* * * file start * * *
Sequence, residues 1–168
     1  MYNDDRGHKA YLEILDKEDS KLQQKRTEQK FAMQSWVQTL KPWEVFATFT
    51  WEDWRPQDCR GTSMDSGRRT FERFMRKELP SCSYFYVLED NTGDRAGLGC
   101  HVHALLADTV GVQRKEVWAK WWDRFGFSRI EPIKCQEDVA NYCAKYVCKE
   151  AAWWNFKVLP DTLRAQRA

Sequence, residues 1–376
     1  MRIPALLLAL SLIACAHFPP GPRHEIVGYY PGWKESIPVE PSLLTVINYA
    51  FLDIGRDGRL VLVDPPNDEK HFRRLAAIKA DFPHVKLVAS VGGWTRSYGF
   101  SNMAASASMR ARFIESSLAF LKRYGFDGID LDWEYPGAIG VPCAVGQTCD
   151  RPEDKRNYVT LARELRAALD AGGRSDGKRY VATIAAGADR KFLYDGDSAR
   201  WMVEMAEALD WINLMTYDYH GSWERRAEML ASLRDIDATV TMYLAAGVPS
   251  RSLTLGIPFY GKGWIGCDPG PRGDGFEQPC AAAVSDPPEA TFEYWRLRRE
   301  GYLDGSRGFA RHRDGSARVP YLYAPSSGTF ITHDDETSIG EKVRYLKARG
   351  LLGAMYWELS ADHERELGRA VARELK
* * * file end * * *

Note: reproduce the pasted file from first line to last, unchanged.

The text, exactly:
Sequence, residues 1–168
     1  MYNDDRGHKA YLEILDKEDS KLQQKRTEQK FAMQSWVQTL KPWEVFATFT
    51  WEDWRPQDCR GTSMDSGRRT FERFMRKELP SCSYFYVLED NTGDRAGLGC
   101  HVHALLADTV GVQRKEVWAK WWDRFGFSRI EPIKCQEDVA NYCAKYVCKE
   151  AAWWNFKVLP DTLRAQRA

Sequence, residues 1–376
     1  MRIPALLLAL SLIACAHFPP GPRHEIVGYY PGWKESIPVE PSLLTVINYA
    51  FLDIGRDGRL VLVDPPNDEK HFRRLAAIKA DFPHVKLVAS VGGWTRSYGF
   101  SNMAASASMR ARFIESSLAF LKRYGFDGID LDWEYPGAIG VPCAVGQTCD
   151  RPEDKRNYVT LARELRAALD AGGRSDGKRY VATIAAGADR KFLYDGDSAR
   201  WMVEMAEALD WINLMTYDYH GSWERRAEML ASLRDIDATV TMYLAAGVPS
   251  RSLTLGIPFY GKGWIGCDPG PRGDGFEQPC AAAVSDPPEA TFEYWRLRRE
   301  GYLDGSRGFA RHRDGSARVP YLYAPSSGTF ITHDDETSIG EKVRYLKARG
   351  LLGAMYWELS ADHERELGRA VARELK